This fight against women's oppression is not just a struggle for women, but for all of humanity.
Tuesday, April 06, 2021
by Alison Bodine, Common Dreams
March 8, 2021, International Women’s Day, is an important day to recognize the
challenges confronted and the great victories made by women around the world,
especially in the past year of the Covid-19 pandemic.
Over the last 12 months, in addition to the health challenges posed by Covid-19
itself, women have faced increasing rates of domestic violence, higher rates of
job loss, as well as a larger burden of the care of children and families
because of the pandemic. In countries like the U.S. and Canada, government
mismanagement of Covid-19 has amplified the health and economic crisis. Black,
Indigenous, and immigrant women and their communities have been
disproportionately impacted by the crisis.
Anti-abortion activists are suing to block a new law allowing the procedure, and many doctors in conservative areas have declared themselves conscientious objectors.
By Daniel Politi, New York Times
March 7, 2021
BUENOS AIRES — For the first time in more
than a century, women in Argentina can legally get an abortion, but that
landmark shift in law may do them little good at hospitals like the one in
northern Jujuy Province where all but one obstetrician have a simple response:
Abortion opponents are reeling after a
measure legalizing the procedure was signed into law in December, but they have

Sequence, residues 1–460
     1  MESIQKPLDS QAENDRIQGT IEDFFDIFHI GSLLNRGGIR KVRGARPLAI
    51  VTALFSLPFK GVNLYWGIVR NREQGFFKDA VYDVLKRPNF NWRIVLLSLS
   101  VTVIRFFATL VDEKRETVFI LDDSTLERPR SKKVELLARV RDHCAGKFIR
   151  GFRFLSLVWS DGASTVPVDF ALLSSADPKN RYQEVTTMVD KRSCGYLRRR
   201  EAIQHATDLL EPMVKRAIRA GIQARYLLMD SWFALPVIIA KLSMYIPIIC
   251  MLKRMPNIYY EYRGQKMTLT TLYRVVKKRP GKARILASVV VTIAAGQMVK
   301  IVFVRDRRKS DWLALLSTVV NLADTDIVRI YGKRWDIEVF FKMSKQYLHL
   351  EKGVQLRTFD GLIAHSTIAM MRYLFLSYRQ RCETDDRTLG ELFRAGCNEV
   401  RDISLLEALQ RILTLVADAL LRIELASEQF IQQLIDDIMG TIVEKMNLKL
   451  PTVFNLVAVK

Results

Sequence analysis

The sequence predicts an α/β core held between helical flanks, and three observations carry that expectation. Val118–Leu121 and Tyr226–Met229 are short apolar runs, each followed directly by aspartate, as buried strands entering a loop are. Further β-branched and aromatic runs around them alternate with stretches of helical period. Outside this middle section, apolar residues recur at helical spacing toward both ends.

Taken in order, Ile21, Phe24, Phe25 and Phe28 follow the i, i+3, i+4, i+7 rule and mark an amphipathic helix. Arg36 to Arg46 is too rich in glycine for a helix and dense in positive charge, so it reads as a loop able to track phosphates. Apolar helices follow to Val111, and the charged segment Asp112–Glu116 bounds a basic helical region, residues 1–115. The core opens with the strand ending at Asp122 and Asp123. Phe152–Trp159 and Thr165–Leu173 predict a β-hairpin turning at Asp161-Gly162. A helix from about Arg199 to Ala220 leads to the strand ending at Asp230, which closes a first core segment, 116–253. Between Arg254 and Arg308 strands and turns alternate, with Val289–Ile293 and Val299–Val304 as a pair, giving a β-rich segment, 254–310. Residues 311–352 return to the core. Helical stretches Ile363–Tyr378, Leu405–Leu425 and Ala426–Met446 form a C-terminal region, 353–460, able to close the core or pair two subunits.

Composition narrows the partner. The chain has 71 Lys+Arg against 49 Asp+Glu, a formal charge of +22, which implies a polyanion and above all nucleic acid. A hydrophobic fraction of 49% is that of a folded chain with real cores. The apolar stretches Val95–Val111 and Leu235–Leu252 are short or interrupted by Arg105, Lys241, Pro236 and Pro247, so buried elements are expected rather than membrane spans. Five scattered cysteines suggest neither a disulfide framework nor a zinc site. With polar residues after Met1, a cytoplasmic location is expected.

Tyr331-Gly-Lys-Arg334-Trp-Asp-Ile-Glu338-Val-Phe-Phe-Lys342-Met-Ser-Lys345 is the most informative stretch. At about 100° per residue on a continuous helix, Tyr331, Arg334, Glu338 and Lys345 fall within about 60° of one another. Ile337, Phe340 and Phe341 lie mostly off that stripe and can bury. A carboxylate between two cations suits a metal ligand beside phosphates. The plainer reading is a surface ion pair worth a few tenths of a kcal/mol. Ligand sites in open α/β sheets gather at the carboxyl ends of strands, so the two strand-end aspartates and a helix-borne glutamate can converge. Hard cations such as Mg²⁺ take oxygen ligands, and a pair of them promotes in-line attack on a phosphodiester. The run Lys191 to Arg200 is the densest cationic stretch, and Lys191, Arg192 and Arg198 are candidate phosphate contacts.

hardly given up. They have filed lawsuits arguing that the new law is
unconstitutional. And they have made sure doctors know that they can refuse to
terminate pregnancies, a message that is being embraced by many in rural areas.
By Katy Watson, BBC South America correspondent
March 4, 2021
When Argentina's Congress voted to legalise abortion up to the 14th week of pregnancy, Renata (not her real name) felt excited.
"How cool," the 20-year-old from
northern Brazil remembers thinking in late December. A student and supermarket
worker, Renata saw it as the start of something new in a region where abortion
is mostly illegal.
But she thought little more of it until a
week later, when she found out she was pregnant herself. Then, she says, her
February 28, 2021
Bogotá, Colombia – Abortion is a polarizing topic in Colombia, where it is against the law in most cases, but the legalization of the procedure in another South American nation has women’s rights activists here also hoping for a change.
In late December, Argentinian lawmakers voted 38 to 29 to make abortion legal until the 14th week of pregnancy. It was the first Latin American nation to fully legalize abortion, leading advocates to hope the decision will create a wave throughout the continent.
February 14, 2021
By Kate Chappell (IPS)
HAVANA TIMES – It was a joyful, tearful celebration in the early morning hours of Dec. 30, 2020 for countless Argentinians when they heard the news: the senate had legalized terminations up to 14 weeks of pregnancy. Prior to this, activists have said that more than 3,000 women died of botched, illegal abortions since 1983. And across the Latin American and Caribbean (LAC) region, this renewed sense of optimism was compounded after President Joe Biden rescinded what is known as the “global gag rule,” which essentially denied funding to international non-profit organizations that provided abortion counseling or referrals.
Now, women and campaigners across LAC are hopeful that these developments will spur lawmakers to consider decriminalizing abortion in their countries, sparing women their lives, economic well-being, dignity and access to a range of options to make the best choice for their reproductive and overall health.